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Mathematical Arts:  Geometry

Geometry holds a central place in Waldorf education’s mathematics curriculum and emerges out of form drawing which students begin in Kindergarten. In sixth grade, students move from creating flat two-dimensional geometric designs to kinesthetic art with curve stitching, which creates circles and curves from straight lines. They are colorful and beautiful and very visually interesting but do you wonder what they have to do with math?

Artistic, but also Technical

In order to construct and shade those drawings or string designs, the students need to have learned many things, including a knowledge and understanding of circles and polygons, how to use a compass and ruler with competence, and how to bisect an arc or a line or an angle. The students learn how to construct straight lines from a curved line by drawing exact polygons within a circle as they learn how to divide a circle into 2, 3, 4, 5, 6, 8, 10, 12, 16, and 24 divisions. Line and string designs show them the many ways that curved lines can be constructed from straight lines. The drawings done in sixth grade represent foundational Geometric concepts, presented beautifully and artistically, that are carried into the high school when students learn about Conic Sections, Trigonometry and Projective Geometry.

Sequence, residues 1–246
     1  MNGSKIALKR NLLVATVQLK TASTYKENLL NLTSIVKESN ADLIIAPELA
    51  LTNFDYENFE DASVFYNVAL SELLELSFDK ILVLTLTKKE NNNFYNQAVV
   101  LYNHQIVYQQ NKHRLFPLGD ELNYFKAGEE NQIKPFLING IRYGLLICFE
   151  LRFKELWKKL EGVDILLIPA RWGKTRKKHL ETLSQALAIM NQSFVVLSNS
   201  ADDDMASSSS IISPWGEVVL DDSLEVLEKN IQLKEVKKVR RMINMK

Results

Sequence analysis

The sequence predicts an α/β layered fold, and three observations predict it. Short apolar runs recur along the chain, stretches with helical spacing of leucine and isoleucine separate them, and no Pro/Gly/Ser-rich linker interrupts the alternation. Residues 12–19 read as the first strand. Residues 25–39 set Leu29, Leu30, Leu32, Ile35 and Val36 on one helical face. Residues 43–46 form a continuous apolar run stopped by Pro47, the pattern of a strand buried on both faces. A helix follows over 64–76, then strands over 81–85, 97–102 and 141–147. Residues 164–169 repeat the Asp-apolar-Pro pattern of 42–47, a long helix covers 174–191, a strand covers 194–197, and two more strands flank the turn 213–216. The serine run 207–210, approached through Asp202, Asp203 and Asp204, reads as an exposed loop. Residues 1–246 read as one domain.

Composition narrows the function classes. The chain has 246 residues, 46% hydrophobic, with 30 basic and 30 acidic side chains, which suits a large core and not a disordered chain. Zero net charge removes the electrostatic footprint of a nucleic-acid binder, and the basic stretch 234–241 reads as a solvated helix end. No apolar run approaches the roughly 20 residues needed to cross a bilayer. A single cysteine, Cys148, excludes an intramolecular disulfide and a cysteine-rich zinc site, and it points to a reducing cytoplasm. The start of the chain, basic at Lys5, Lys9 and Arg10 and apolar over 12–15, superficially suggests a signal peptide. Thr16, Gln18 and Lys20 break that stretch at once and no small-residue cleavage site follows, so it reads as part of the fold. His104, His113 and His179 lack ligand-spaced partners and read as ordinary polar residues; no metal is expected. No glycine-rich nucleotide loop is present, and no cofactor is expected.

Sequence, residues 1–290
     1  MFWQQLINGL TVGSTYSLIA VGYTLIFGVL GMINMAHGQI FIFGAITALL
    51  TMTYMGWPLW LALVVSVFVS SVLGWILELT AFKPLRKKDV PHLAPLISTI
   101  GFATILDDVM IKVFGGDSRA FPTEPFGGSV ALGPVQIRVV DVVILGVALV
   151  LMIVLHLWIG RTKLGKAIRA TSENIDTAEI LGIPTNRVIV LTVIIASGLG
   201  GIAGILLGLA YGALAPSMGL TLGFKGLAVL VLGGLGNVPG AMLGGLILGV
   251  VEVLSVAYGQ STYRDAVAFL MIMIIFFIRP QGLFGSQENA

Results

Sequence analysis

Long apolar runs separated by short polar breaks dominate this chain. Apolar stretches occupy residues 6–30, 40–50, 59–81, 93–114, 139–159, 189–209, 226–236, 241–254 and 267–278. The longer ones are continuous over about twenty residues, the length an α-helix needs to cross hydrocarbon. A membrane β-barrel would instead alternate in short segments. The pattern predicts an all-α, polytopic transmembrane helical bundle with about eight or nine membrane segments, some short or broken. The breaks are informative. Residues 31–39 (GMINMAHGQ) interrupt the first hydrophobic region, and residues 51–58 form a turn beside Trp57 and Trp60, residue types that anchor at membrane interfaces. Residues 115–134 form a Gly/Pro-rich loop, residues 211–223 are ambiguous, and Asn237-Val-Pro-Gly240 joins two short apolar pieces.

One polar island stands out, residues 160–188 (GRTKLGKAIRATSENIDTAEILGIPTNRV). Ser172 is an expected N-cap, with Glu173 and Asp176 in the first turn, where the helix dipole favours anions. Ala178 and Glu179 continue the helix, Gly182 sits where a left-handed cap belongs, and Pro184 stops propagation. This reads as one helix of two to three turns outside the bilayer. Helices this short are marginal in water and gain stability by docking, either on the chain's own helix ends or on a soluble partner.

Engaging the Hands Creates a Deeper Understanding

Use of string art in learning geometry is a powerful method to ‘experience’ the facts and laws of geometric forms. The precision and beauty of these geometric forms lead the children to a deeper understanding of mathematics as they use their hands to illustrate concepts and develop skills.

These constructions offer abundant opportunity for students to learn mathematical vocabulary and concepts, and the ability to follow directions. String designs helps to improve spatial perception, encourages students to experiment, enriches their learning and lays a foundation for advanced Projective Geometry and the three-dimensional graphs and surfaces encountered in Calculus in high school and college.

The brain discovers what the fingers explore.


In sixth grade, geometrical rules are sought and formulated:
  • Geometrical proof of sums of angles of triangles
  • Construction of angles using compasses, bisecting angles
  • Congruent triangles and the four principle cases for congruency
  • Movement properties of triangles and quadrilaterals
  • Congruent shapes, construction of similar angles, complementary, supplementary and other angles
  • Construction of triangles, with altitudes, and angle and side bisectors

Why We Teach This Way Matters




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